This paper reports a case series of six patients with SRI-refractory OCD diagnosed with the Structured Clinical Interview for the Diagnostic and Statistical Manual of Mental Disorders, fourth edition (DSM-IV) Axis-I (SCID-I)  who were switched from SRIs to agomelatine and followed-up for at least 3 months. This is the first report of its kind in the literature to date.
Patients were considered refractory to an adequate treatment (administration of an effective daily dose of SRI, that is, fluoxetine 40-60 mg/day or clomipramine 225-300 mg/day, for a minimum of 8 weeks)  on the basis of a Yale-Brown Obsessive Compulsive Scale (Y-BOCS) score >18 . All patients started agomelatine treatment at 50 mg/day (the current approved dose range for treating major depressive disorder (MDD) is 25-50 mg/day), which lasted for a minimum of 12 weeks with monthly evaluations of obsessive-compulsive (OC) symptoms through Y-BOCS administration. Administration of the Hamilton Scale for Depression (HAM-D)  and Hamilton Scale for Anxiety (HAM-A)  was performed at baseline and at week 12. The Biological Rhythms Interview of Assessment in Neuropsychiatry (BRIAN), a 18-item screening tool designed to help clinicians better assess their patients and researchers improve the evaluation of the impact of novel therapies targeting biological rhythm pathways , was administered at baseline and at week 12 (end point). Remarkably, considering the clinical setting of this preliminary investigation, the evaluation of circadian rhythm functioning was subjective and did not include any objective neurophysiological monitoring such as polysomnography despite the acknowledgement of reduction of sleep onset rapid-eye movement periods (SOREMPs) as rapid eye movement (REM) latencies in the course of OCD . Additionally, with the aim to detect further potential clinical factors still accounting for treatment refractoriness, a systematic assessment of temperament and soft bipolar spectrum signs, as well as evaluation of other clinical features potentially linked to treatment refractoriness (Table 1), including 'poor insight' OCD (PI-OCD), was performed on all patients at week 12 using the lifetime Temperament Evaluation of the Memphis, Pisa, Paris, and San Diego lifetime Autoquestionnaire (TEMPS-A)  and the Brown Assessment of Beliefs Scale (BABS)  which was also administered at baseline. The BABS is a seven-item questionnaire rating a number of dimensions that underlie delusional and non-delusional beliefs, developed to assess the degree of insight of illness, a clinical feature generally directly related to the propensity toward SRI response [27, 28]. The TEMPS-A is a comprehensive questionnaire specifically developed to assess temperamental (for example, cyclothymic) or personality (for example, cluster A) traits that may account for lack of response to standard medications or even for worsening of the clinical picture on antidepressants (including increased risk for suicidal attempts) [29–31]. Finally, all the patients appeared steadily compliant toward medications and underwent weight monitoring as well liver function tests (LFTs) at baseline and at week 12 (all negative) in accordance with the recent guidance proposed by the European Agency of Medicines (EMEA) .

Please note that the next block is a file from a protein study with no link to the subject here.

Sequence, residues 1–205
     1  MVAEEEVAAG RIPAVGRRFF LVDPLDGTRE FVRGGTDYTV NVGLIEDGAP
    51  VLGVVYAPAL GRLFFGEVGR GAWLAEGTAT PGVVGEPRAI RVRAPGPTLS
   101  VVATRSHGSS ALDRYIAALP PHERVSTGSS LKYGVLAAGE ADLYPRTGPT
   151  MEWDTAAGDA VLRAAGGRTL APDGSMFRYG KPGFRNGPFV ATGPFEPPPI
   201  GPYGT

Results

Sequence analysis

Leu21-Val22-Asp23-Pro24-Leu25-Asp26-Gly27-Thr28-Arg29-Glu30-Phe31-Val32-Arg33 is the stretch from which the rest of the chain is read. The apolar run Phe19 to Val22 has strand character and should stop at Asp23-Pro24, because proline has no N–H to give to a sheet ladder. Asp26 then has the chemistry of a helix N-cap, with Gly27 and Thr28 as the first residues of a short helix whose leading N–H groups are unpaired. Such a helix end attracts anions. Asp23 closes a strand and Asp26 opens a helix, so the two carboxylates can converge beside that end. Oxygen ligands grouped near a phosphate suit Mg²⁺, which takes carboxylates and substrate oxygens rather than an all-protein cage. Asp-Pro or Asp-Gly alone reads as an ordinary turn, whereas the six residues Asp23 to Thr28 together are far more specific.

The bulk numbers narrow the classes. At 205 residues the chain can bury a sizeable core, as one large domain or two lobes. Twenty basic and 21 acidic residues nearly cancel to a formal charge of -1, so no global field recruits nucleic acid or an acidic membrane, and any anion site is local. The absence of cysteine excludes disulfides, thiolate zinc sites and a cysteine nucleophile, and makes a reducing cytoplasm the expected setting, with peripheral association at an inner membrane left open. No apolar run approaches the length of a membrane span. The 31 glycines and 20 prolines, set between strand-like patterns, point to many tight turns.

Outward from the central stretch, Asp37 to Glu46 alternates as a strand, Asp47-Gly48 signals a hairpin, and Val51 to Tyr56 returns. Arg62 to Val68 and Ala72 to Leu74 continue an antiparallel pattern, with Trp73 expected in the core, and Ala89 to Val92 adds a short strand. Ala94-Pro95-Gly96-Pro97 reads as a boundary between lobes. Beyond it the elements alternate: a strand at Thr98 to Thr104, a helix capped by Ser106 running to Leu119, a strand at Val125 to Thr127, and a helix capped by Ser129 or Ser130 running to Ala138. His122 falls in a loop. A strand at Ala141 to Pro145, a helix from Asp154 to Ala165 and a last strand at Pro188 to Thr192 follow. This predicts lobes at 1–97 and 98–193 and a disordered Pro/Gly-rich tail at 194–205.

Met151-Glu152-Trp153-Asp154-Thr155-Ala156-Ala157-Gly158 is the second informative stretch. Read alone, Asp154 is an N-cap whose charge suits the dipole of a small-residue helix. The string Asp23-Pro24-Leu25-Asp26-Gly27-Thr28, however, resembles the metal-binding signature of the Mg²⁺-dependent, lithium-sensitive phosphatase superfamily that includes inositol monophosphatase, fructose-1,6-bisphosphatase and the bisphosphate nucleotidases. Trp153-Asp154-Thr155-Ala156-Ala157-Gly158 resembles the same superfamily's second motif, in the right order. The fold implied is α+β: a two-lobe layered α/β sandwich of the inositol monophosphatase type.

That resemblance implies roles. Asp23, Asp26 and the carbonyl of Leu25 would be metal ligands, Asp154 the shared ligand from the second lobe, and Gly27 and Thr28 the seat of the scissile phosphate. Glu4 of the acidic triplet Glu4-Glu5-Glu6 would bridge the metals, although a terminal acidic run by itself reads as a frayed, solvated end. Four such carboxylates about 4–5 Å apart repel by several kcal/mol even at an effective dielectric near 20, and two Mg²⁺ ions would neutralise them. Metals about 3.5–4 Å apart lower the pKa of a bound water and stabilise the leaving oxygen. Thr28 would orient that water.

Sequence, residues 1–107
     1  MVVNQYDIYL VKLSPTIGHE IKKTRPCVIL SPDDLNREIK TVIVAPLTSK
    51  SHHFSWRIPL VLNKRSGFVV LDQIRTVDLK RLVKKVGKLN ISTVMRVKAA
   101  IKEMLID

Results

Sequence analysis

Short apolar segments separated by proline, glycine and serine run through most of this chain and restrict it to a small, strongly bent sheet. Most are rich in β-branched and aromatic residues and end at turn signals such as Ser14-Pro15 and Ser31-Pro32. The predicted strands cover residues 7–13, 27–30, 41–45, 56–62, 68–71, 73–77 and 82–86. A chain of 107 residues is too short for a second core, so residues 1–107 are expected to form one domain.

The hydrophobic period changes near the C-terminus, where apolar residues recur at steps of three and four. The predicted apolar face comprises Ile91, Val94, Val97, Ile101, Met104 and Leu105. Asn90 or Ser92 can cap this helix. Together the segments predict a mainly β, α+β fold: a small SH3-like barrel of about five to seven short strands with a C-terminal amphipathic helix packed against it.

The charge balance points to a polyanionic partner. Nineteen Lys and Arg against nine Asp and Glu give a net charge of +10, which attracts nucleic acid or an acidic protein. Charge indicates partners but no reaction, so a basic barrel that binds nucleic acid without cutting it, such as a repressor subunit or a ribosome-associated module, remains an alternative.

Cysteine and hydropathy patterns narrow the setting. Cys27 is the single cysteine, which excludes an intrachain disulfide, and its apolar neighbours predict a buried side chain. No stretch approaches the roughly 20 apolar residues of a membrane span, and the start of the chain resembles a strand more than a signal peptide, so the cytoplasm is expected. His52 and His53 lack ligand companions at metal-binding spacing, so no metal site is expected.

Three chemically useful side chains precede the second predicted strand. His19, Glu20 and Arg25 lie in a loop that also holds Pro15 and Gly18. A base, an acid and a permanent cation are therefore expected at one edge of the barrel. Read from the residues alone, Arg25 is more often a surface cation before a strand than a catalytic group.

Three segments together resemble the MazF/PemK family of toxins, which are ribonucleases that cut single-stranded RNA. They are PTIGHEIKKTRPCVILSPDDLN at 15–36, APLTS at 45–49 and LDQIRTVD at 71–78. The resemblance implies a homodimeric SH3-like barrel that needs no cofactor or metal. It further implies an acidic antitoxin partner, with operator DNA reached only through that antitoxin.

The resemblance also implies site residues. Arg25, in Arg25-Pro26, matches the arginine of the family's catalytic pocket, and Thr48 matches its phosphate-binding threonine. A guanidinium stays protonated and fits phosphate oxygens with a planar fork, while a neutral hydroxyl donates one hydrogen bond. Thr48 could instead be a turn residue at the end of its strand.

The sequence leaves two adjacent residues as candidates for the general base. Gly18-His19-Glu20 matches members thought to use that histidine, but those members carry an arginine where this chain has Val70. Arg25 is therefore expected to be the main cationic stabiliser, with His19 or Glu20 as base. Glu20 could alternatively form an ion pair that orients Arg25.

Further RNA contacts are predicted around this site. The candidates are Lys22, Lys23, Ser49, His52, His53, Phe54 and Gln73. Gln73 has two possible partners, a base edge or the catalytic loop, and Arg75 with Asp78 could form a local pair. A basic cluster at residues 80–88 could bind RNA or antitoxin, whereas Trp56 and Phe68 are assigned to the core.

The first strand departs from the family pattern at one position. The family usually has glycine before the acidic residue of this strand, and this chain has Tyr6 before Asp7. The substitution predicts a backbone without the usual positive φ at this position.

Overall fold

At the end of the study, three out of six patients, in particular those reporting higher subjective sleep disturbances at baseline but not at the end point, showed a clinically significant OC improvement (Y-BOCS reduce by ≥35%). Interestingly, patients largely unchanged within the 3 month trial with 50 mg/day agomelatine (n = 3) did not report any relevant circadian rhythm impairment at baseline or end point, but were more suggestive for 'soft bipolar' features according to the TEMPS-A evaluation (two out of three had a cyclothymic temperament) and/or had poor insight features.
Concerning the side-effect profile, agomelatine 50 mg/day was a generally well tolerated therapy, although one patient exhibited weigh gain and another experienced, transient (spontaneously remitting) dizziness despite a prudent downtitration from the previous SRI medication.